Alliance fights for logistics base -, South Georgia News, Weather, Sports

Alliance fights for logistics base

Albany- Nearly a thousand military personnel and 3,000 civilians work at Albany's Marine Corps Logistics Base. But if it closed, many more people throughout southwest Georgia would be hurt.

"We've had economic developers tell us that we really don't have the infrastructure or the workforce in our small county to have a manufacturing plant or a big industry," said Suzanna MacIntosh, of Baker County.

Macintosh came to the alliance meeting. She says the four thousand residents in her county rely on the military for job opportunities. That's why the Southwest Georgia Alliance for Progress is working to keep the logistics base off closure list to be released May sixteenth.

Community leaders are rallying together to get the message out that the MCLB Albany is the 911 center of the military's 911 force.

"We are the point of the spear protecting the war fighter, and that war fighter's ability to get out there and protect our national interests," said Tim Martin, Alliance Secretary.

Because there are lots of unknowns, the group says the region as a whole needs to pull together to show community support for the base.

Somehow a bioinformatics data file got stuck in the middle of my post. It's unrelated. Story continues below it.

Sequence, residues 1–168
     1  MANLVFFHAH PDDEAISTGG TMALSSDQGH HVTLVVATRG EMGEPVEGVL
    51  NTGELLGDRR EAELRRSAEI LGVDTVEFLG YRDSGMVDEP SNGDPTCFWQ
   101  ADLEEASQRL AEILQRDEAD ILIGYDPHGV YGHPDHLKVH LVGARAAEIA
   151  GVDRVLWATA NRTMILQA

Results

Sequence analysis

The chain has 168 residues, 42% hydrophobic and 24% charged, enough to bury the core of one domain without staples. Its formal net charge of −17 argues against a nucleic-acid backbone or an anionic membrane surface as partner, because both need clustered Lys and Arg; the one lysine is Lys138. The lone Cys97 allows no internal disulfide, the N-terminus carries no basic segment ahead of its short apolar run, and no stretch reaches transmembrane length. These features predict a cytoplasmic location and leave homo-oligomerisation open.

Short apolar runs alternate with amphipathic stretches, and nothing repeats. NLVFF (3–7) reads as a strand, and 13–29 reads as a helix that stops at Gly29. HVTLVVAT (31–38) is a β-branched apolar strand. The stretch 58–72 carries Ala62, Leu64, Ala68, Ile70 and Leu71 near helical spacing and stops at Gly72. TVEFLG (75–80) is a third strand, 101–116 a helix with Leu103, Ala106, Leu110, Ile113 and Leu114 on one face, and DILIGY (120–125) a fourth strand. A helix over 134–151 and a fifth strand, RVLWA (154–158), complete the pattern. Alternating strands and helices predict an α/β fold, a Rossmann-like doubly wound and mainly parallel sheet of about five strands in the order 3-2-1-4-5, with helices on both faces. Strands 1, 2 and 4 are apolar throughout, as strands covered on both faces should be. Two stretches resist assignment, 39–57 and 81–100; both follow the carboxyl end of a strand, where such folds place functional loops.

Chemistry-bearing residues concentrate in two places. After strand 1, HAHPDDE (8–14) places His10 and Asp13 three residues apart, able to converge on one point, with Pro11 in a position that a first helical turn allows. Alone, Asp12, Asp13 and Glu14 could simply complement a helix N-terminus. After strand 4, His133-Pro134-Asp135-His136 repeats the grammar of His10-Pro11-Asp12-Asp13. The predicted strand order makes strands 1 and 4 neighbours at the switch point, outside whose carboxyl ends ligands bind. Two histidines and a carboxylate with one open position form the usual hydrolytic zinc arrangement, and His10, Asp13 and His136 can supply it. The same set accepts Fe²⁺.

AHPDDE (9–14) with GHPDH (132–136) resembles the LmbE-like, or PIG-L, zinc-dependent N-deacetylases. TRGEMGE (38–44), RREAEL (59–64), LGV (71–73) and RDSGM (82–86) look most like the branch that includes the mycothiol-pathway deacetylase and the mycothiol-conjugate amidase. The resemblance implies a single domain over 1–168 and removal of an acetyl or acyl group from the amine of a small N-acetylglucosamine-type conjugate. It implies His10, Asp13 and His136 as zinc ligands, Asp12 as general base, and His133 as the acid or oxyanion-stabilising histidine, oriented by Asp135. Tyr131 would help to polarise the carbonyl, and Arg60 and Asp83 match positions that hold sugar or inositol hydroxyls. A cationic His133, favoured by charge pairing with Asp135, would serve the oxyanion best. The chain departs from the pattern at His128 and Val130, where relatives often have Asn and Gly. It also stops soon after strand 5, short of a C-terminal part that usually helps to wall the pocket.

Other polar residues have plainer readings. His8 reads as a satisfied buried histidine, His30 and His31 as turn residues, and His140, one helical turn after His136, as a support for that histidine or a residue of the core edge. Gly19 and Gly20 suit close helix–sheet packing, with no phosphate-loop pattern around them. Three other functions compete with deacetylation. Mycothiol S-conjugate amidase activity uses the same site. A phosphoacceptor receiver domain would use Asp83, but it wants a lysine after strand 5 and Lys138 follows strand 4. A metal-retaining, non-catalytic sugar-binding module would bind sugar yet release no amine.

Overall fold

"We're not just looking at the tax base we're looking at the people, we're looking at the hearts, we're looking at the children, we're looking at the families, we're looking at everybody, so just pray and that with the closure that's coming about, that our marine corps logistics base here in Albany will be safe," said Brenda Robinson Cutler, Dougherty County Commissioner.

The alliance hopes the base could pick up new missions, but if it ends up on the closure list there is a Plan B.

"It will involve, the attraction of private sector companies, to locate on that industrial complex," said Martin.

Under BRAC rules, the base itself can't make a case to remain open. So, the alliance is coming up with Tiger teams. They're looking for anyone with prior military experience to help out their effort.

"The more you can work as a region or as different entities the stronger case you make for support," said MacIntosh.

As the communities come together to support the base, the alliance hopes that support will be enough to make the government think twice about placing Albany on the list.

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